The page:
platforms with professional experience 1 2-3 4-5 6+
years of professional experience 1 2-5 6-9 10+
domain knowledge No knowledge of the domain Has worked on at least one product in the domain. Has worked on multiple products in the same domain. Domain expert. Has designed and implemented several products/solutions in the domain. Well versed with standard terms, protocols used in the domain.
2n (Level 0) n2 (Level 1) n (Level 2) log(n) (Level 3) Comments
tool knowledge Limited to primary IDE (VS.Net, Eclipse etc.) Knows about some alternatives to popular and standard tools. Good knowledge of editors, debuggers, IDEs, open source alternatives etc. etc. For e.g. someone who knows most of the tools from Scott Hanselman’s power tools list. Has used ORM tools. Has actually written tools and scripts, added bonus if they’ve been published.
languages exposed to Imperative or Object Oriented Imperative, Object-Oriented and declarative (SQL), added bonus if they understand static vs dynamic typing, weak vs strong typing and static inferred types Functional, added bonus if they understand lazy evaluation, currying, continuations Concurrent (Erlang, Oz) and Logic (Prolog)
codebase knowledge Has never looked at the codebase Basic knowledge of the code layout and how to build the system Good working knowledge of code base, has implemented several bug fixes and maybe some small features. Has implemented multiple big features in the codebase and can easily visualize the changes required for most features or bug fixes.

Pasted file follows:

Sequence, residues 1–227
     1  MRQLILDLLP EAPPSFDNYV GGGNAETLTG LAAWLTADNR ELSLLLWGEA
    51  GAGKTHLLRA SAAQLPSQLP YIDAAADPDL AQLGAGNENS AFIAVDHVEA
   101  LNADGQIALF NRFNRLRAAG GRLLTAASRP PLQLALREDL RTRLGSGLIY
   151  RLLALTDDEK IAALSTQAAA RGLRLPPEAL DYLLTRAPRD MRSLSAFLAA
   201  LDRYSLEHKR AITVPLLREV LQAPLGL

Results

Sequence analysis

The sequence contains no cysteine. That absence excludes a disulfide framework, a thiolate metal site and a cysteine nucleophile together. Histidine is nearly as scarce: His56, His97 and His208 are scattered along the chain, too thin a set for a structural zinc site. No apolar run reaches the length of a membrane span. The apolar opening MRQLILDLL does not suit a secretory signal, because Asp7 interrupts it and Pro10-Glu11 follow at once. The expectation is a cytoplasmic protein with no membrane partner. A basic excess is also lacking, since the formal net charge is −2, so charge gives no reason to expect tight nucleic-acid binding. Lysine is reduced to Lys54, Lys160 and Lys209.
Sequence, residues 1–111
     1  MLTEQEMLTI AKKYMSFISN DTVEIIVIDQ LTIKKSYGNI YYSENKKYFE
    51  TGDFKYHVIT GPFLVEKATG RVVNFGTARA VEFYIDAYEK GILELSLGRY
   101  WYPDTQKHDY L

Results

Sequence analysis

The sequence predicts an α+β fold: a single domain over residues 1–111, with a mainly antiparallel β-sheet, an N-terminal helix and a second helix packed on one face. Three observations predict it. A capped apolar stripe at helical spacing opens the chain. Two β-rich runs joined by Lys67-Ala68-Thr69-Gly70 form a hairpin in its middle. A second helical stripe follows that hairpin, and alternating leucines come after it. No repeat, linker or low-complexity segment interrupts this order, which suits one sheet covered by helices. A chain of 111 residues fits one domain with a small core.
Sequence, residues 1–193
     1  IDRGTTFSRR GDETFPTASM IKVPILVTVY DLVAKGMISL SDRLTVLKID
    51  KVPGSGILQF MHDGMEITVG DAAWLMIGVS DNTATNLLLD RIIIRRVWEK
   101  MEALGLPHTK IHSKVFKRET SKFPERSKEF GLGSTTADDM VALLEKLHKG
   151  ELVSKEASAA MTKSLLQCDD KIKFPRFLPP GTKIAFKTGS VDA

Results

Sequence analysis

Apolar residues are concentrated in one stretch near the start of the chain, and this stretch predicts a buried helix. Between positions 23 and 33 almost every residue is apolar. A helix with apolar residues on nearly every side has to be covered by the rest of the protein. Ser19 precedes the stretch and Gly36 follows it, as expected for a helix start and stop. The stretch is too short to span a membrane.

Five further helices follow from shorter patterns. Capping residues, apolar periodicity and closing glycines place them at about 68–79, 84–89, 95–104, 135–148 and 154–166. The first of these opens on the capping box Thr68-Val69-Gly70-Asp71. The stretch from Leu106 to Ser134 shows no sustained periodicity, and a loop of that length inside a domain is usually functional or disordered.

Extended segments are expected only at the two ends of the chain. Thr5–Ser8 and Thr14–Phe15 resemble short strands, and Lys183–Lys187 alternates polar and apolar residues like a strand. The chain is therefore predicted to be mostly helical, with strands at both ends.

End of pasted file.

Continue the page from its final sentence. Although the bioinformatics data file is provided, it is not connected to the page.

knowledge of upcoming technologies Has not heard of the upcoming technologies Has heard of upcoming technologies in the field Has downloaded the alpha preview/CTP/beta and read some articles/manuals Has played with the previews and has actually built something with it and as a bonus shared that with everyone else
2n (Level 0) n2 (Level 1) n (Level 2) log(n) (Level 3) Comments
platform internals Zero knowledge of platform internals Has basic knowledge of how the platform works internally Deep knowledge of platform internals and can visualize how the platform takes the program and converts it into executable code. Has written tools to enhance or provide information on platform internals. For e.g. disassemblers, decompilers, debuggers etc.
books Unleashed series, 21 days series, 24 hour series, dummies series… Code Complete, Don’t Make me Think, Mastering Regular Expressions Design Patterns, Peopleware, Programming Pearls, Algorithm Design Manual, Pragmatic Programmer, Mythical Man month Structure and Interpretation of Computer Programs, Concepts Techniques, Models of Computer Programming, Art of Computer Programming, Database systems , by C. J Date, Thinking Forth, Little Schemer
blogs Has heard of them but never got the time. Reads tech/programming/software engineering blogs and listens to podcasts regularly. Maintains a link blog with some collection of useful articles and tools that he/she has collected Maintains a blog in which personal insights and thoughts on programming are shared

Thanks to John Haugeland for a
reformatting of it that works much more nicely on the web.